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Shane Battier
Shane Battier Houston.jpg
Houston Rockets  – No. 31
Small forward
Born September 9, 1978 (1978-09-09) (age 31)
Birmingham, Michigan
Nationality American
Listed height 6 ft 8 in (2.03 m)
Listed weight 220 lb (100 kg)
Salary $6,864,200
High school Detroit Country Day School
Beverly Hills, Michigan
College Duke
Draft 1st round, (6th pick), 2001
Vancouver Grizzlies
Pro career 2001–present
Former teams Memphis Grizzlies (2001-06)
Awards Mr. Basketball of Michigan (1997)
1997 Naismith Prep Player of the Year
2001 Oscar Robertson Trophy
Naismith College Player of the Year
John R. Wooden Award
Lowe's Senior CLASS Award (2001)
NCAA Basketball Tournament Most Outstanding Player
ACC Athlete of the Year (2001)
Medal record
Competitor for  United States
World Championships
Bronze 2006 Japan USA

Shane Courtney Battier (born September 9, 1978 in Birmingham, Michigan) is an American professional basketball player (small forward) with the Houston Rockets of the National Basketball Association and the U.S. national team.

Battier was born and raised in Birmingham, Michigan, and attended Derby Middle School, before starting his basketball career at Detroit Country Day School in Beverly Hills, Michigan, where he won many awards including 1997 "Mr. Basketball of Michigan" while playing for coach Kurt Keener. On September 11, 2007, Shane returned to Detroit Country Day School as they retired his jersey, number 55. Shane joined Chris Webber as only the second player to have his athletic number retired by Detroit Country Day School.




Early years

Battier was an outlier from his childhood; by the time he entered Country Day as a seventh-grader, he was already 6'4"/1.93 m, and was 6'7"/2.01 m a year later. He was also the only child in the school with a black father and a white mother. As Michael Lewis put it in a 2009 article, the young Battier "was shuttling between a black world that treated him as white and a white world that treated him as black."[1] More specifically in the context of basketball, Lewis noted that "the inner-city kids with whom he played on the A.A.U. circuit treated Battier like a suburban kid with a white game, and the suburban kids he played with during the regular season treated him like a visitor from the planet where they kept the black people."[1] Battier also noted that his cerebral approach to the game was forged from that time:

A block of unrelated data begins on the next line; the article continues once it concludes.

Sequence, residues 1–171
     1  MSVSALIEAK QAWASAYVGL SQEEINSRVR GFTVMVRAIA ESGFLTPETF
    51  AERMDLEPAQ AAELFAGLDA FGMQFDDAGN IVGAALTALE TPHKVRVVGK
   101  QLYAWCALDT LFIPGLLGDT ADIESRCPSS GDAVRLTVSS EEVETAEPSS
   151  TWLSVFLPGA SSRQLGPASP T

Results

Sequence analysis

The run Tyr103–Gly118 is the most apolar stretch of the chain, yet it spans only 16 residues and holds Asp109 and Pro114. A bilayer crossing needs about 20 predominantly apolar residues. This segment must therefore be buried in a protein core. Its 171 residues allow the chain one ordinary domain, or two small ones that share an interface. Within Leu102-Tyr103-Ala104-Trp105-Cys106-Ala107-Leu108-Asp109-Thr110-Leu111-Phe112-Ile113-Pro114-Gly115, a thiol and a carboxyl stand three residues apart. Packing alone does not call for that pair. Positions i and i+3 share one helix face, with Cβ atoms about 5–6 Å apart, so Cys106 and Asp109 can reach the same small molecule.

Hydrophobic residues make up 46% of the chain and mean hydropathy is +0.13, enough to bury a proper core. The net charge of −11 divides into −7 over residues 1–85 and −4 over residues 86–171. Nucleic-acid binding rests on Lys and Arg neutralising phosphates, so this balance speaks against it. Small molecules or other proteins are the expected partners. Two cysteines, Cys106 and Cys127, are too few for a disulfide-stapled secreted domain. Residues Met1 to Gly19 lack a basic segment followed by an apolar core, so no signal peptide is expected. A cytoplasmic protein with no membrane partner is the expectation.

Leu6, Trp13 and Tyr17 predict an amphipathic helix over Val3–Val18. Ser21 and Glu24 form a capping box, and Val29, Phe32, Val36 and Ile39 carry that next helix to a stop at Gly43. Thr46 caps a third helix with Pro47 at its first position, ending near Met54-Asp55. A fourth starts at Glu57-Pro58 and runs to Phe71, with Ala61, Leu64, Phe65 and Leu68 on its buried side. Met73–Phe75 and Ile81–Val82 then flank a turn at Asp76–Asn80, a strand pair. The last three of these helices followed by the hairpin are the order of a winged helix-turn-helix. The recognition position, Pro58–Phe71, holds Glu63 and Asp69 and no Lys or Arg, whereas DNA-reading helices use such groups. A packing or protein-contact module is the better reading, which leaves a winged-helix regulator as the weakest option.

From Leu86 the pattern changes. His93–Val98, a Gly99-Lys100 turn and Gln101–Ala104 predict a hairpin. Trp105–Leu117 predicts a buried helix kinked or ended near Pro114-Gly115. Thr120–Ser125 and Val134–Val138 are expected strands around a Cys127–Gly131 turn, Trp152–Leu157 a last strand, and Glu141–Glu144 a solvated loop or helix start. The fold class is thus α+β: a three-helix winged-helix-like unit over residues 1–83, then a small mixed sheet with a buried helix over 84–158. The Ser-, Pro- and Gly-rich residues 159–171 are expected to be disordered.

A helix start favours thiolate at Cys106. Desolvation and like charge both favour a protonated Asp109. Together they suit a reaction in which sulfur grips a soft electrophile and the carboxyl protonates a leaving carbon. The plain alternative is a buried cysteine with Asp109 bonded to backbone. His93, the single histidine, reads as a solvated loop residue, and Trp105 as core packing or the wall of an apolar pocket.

Everything I’ve done since then is because of what I went through with this. What I did is alienate myself from everybody. I’d eat lunch by myself. I’d study by myself. And I sort of lost myself in the game.[1]

Although he was almost always the best player on the court, he never fully embraced the starring role. In the Lewis article, Battier's high school coach, Kurt Keener, said "He had a tendency to defer. He had this incredible ability to make everyone around him better. But I had to tell him to be more assertive. The one game we lost his freshman year, it was because he deferred to the seniors."[1] However, his apparent deference was not a sign of lack of ambition; an exchange between Battier and Lewis made this clear:

Battier: "Chris Webber won three state championships, the Mr. Basketball Award and the Naismith Award. I won three state championships, Mr. Basketball and the Naismith Awards. All the things they said I wasn’t able to do, when I was in the eighth grade."

Lewis: “Who’s they?”

Battier: “Pretty much everyone.”

Lewis: “White people?”

Battier: “No. The street."[1]


Battier, who graduated from Country Day with a 3.96 grade point average and was named the school's outstanding student in his senior year,[1] went on to attend Duke, where he played four years under head coach Mike Krzyzewski. While at Duke, Battier often was the best defender on the court and gave people fits. He constantly took charges which prompted the Cameron Crazies to chant, "Who's your daddy? Battier!" He led the Blue Devils to two Final Fours, in 1999 and 2001. The Blue Devils lost to the Connecticut Huskies in the 1999 finals, but came back to win the national championship by defeating the Arizona Wildcats two years later. In 2001, Battier swept the major National Player of the Year awards, and subsequently had his jersey number 31 retired by the Blue Devils. Additionally, Battier was a three-time awardee of the NABC Defensive Player of the Year. Battier graduated from Duke with a major in religion[citation needed].

After the conclusion of his college career, Battier was named to the ACC 50th Anniversary men's basketball team.


Battier was selected by the Vancouver Grizzlies with the sixth pick of the first round of the 2001 NBA Draft. He was the Grizzlies' second draft pick since the team relocated from Vancouver, Canada after six years. Pau Gasol of Spain was selected in the same draft with the number three pick, by the Atlanta Hawks, then traded to the Memphis Grizzlies.

Battier is a versatile player with the size to play inside and the range to score from further out (particularly the corner three-pointer). However, he makes his living as a hustle player on the defensive end, where he defends three positions (shooting guard, power forward, small forward) with a high degree of skill, nets a good number of blocks and steals, dives for loose balls, and frequently draws offensive fouls from his opponent.